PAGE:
Speaker Monti Washington brings students together to embrace diversity

By Bitania, Yemane News Editor

     “I wish not to change your beliefs, I want to challenge them. I want to question why you believe what you believe. I hope you get uncomfortable with the things I say because if you do, that means something is not sitting right with you.”

     Speaker, actor and activist Monti Washington was guest speaker on Tuesday night for BU’s No Hate Week with his talk about “Which Lives Matter?” He began his talk with a powerful poem/rap that grabbed the audience’s attention as he walked through the aisle to the front of the room.
After introducing himself, he began to tell his story.

     “My mother was addicted to crack and was a prostitute. I was homeless, eating out of trashcans and sleeping in parks during my childhood. I was in 12 group homes in the matter of three years. My first mother left me for drugs, second nearly beat me to death, and the third would lock me up in a room for 23 hours of the day,” said Washington. “My point is that you would have never guessed that I went through all of that because I don’t look like my story. We don’t have to look like our story because we are greater than our story.”

    Washington then stressed how the main problem in this country is race.

     “The core is race. Race is a false narrative. There is no scientific evidence that there are different human races. It was created because it is easier to conquer, enslave and control when one race is superior to the rest. The ideology has been used to oppress because of pigmentation, because of melanin,” said Washington.

     Washington then explained what happens in the false narrative of race: dismiss, deny and divide.

     “We dismiss because of stereotypes and labels,” said Washington. “If I label you, I negate you. If you label me, you negate me. We deny because we believe one experience of one is one for all and when we dismiss and deny we then divide.”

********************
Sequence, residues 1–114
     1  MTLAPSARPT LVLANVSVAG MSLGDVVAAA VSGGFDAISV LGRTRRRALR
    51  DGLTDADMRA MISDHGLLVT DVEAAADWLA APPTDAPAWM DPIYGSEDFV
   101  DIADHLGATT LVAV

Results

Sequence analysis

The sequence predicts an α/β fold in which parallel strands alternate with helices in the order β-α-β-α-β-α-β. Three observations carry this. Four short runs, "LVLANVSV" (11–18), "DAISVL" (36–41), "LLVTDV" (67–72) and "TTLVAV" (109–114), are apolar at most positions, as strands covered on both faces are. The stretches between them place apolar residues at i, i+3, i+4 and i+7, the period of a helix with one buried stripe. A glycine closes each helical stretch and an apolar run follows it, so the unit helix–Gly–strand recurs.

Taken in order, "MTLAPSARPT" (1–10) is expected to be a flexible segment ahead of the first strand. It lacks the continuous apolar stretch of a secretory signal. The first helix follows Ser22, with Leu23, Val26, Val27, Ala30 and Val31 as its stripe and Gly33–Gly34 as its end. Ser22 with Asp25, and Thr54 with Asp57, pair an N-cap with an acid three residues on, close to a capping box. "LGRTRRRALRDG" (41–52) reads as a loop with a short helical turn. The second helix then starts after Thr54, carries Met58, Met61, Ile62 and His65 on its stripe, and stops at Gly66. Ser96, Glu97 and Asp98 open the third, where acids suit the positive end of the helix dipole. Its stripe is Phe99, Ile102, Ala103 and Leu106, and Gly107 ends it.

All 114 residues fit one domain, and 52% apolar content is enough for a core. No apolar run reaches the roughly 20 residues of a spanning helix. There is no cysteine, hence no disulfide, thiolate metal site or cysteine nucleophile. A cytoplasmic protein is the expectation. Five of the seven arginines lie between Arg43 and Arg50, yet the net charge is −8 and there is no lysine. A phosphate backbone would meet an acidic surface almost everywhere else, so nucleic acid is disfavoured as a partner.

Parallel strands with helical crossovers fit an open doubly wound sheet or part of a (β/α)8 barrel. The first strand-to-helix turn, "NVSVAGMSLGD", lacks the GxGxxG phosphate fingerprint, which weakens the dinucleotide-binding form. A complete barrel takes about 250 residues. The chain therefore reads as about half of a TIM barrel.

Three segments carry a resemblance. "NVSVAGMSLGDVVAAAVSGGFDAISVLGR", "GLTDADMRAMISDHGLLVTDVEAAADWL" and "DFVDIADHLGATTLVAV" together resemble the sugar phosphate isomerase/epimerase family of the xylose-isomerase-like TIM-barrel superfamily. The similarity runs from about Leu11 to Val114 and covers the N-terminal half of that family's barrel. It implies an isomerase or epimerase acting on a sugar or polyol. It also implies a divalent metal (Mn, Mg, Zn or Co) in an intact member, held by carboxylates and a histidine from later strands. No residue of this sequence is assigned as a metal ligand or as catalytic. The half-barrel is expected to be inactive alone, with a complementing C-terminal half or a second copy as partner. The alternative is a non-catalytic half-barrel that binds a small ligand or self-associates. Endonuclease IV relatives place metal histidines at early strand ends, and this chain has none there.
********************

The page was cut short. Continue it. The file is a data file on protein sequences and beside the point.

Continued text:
He then transitioned into the concept of privilege.

     “Privilege does not mean pain, privilege does not mean shame, we all have privilege. As a black man, I have a certain privilege because I am a man and I do not have to worry about the things that women go through every day.”

      Washington used religion as an example of privilege.

     “If you are a Christian, you have a privilege in this country. You can pray out in public and no one will say anything to you, but if a Muslim would do that, people will feel upset and uncomfortable.”

     He then used race as another example.

     “You get to have the benefit of the doubt if you are white. Tamir Rice, 12-year-old kid had a toy gun at a park and was shot and killed by the police. The first thing the media did was bring his parent’s criminal records. What does that have to do with anything?” said Washington. “Now the shooter in Las Vegas was called a lone wolf and many names except a terrorist. That is privilege. If anyone with a darker complexion did it, he would be labeled as a thug, criminal, the list goes on.”

     Washington wanted to send a message about the importance of interaction to solve today’s problems in this country.

     “Almost all the people that call all Muslims terrorist never had an interaction with someone from the Middle East a day in their life. A news station in Nebraska has a media coverage of 70% of African Americans committing crime. When really the rate of crime is 30%, so more than doubled the coverage is on that. The population of blacks in Nebraska is 4.8% so obviously people that live there will assume that all black people are criminals if that’s all they see on the news. I encourage you to have these interactions. How can you not have these assumptions if you don’t?”

     Washington stated that college is the best place for people to connect and interact with someone who looks different than them. He made everyone in the audience write down things that they have been labeled as because of their race, gender, religion, social economic status and sexuality. He then called on students to read their card and many had similar labels.

     “We all have similarities with our suffering. Compassion is to suffer with someone and we need to have compassion for one another. Some believe that we connect through success but I believe that we connect through our mess. “

      He then ended the event with an activity called “I’m the shit.”

     “My foster mother use to always tell me that I wasn’t shit, so I had to tell myself why I was the shit as I got older.”

     He called people from the audience and made eight students stand in the front of the room and name three reasons why they’re the shit as the audience encouraged them. The speech ended with positive energy as students waited after to take a photo with him, have a conversation and to buy his book “From the Streets to the Stage.”

     “We have to always come from a place of love, that’s the answer to everything,” said Washington. “We have to embrace our diversity”